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Electrolysis Vs Laser Hair Removal: Choosing The Best Hair Removal Method

Maya Adivi • May, 2023

Electrolysis vs Laser Hair Removal: Choosing the Best Hair Removal Method

Maya Adivi • August, 2023

When it comes to hair removal, there are two major methods promising long-lasting results: electrolysis and laser hair removal. If you’re sick and tired of constantly shaving or waxing, you might be curious about how these methods compare and which one is better.

   In this electrolysis vs laser hair removal comparison, we’ll explain it all and help you figure out which one will be right for you.

Table Of Contents

  • 1. How Electrolysis Works
  • 2. How Laser Hair Removal Works
  • 3. Electrolysis vs Laser Hair Removal
  • 4. Side Effects and Risks
  • 5. Bottom Line: Which Should You Choose?
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Table Of Contents

  • 1. How Does Radio Frequency Cellulite Treatment Work?
  • 2. Potential Side Effects Of Radiofrequency Cellulite Treatments
  • 3. Evertone Anti-Cellulite Routine
  • 4. FAQ For Radiofrequency For Cellulite
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How Electrolysis Works

Electrolysis uses the power of electricity to destroy the hair follicle. It’s done with a fine needle that’s attached to a device that emits an electric current. The needle is inserted via the hair follicle down into the bulb where the root of the hair is located. Then, the needle zaps the root of the hair with electricity. This process damages the hair follicle and prevents regrowth over time.

How Laser Hair Removal Works

Laser hair removal relies on the power of light to help reduce unwanted hair. Laser devices emit a very powerful and targeted beam of light at a specific wavelength that penetrates to a specific depth. When powered up, the laser’s beam penetrates past the skin, where it’s absorbed into the hair follicle. Once it reaches the root of the hair, the light is converted into heat that damages the follicle’s ability to regrow hair.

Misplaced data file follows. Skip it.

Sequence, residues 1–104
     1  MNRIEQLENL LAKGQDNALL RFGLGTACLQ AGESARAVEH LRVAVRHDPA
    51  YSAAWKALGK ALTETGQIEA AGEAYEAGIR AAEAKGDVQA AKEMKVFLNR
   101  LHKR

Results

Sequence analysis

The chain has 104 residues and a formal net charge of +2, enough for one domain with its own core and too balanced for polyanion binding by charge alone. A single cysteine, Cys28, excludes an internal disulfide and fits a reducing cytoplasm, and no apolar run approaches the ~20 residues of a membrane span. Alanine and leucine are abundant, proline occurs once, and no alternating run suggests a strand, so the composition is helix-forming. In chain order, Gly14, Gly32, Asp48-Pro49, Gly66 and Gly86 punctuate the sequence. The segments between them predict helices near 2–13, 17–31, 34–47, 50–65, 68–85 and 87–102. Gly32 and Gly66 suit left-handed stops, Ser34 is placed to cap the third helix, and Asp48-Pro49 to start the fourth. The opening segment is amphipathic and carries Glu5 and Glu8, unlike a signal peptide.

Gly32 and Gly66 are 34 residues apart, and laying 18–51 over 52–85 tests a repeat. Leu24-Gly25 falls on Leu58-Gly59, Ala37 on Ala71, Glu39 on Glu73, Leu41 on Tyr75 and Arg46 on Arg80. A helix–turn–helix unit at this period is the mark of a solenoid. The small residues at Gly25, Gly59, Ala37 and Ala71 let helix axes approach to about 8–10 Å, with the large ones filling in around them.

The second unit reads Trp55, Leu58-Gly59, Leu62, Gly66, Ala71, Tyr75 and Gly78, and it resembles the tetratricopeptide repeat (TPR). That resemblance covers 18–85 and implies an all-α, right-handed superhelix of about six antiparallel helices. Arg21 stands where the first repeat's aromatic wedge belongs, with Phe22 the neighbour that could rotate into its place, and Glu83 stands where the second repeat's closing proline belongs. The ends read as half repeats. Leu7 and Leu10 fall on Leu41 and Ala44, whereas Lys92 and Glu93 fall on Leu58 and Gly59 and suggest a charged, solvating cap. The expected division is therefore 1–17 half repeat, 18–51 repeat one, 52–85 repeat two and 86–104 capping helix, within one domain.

Electrolysis vs Laser Hair Removal: Similarities & Differences

To understand whether you should pick laser hair removal or electrolysis, here’s an analysis of the main decision factors.

 Effectiveness
Both laser hair removal and electrolysis are effective methods for long-term hair removal. Electrolysis is often touted as more likely to have permanent results, while laser is usually associated with a greater risk of regrowth.

  For this reason, many prefer electrolysis in areas where regrowth is more common, like on the face. That said, laser hair removal is still effective enough that it’s worth pursuing, for the reasons we’ll outline throughout the rest of this comparison.

 Treatment Time
Laser hair removal treatments are significantly faster than electrolysis. For small areas like the upper lip, laser hair removal only takes a few minutes, while electrolysis will take 15 to 30 minutes. For larger areas, an hour is more than enough with a laser while electrolysis can take several hours.

  This means that while electrolysis can be feasible for small areas like the chin, upper lip, or between the brows, it’s far too time-consuming for large areas like the legs or arms.

 Time to Results
Laser hair removal and electrolysis actually take a similar amount of time to show results, with the exact amount of time varying widely from patient to patient.

  In general, most practitioners recommend undergoing at least 6 laser hair removal treatments, with many patients requiring up to 12 treatments. Since the treatments must be spaced at least one month apart, this means you can expect to see optimal results within 5 to 11 months.

  Electrolysis requires more sessions spaced less time apart, so it ends up taking a similar amount of time to see results. You may see results in as little as 8 sessions, but some patients have to go up to 30. Some providers recommend coming in every week or two, while others suggest waiting for longer between appointments.

 Pain and Discomfort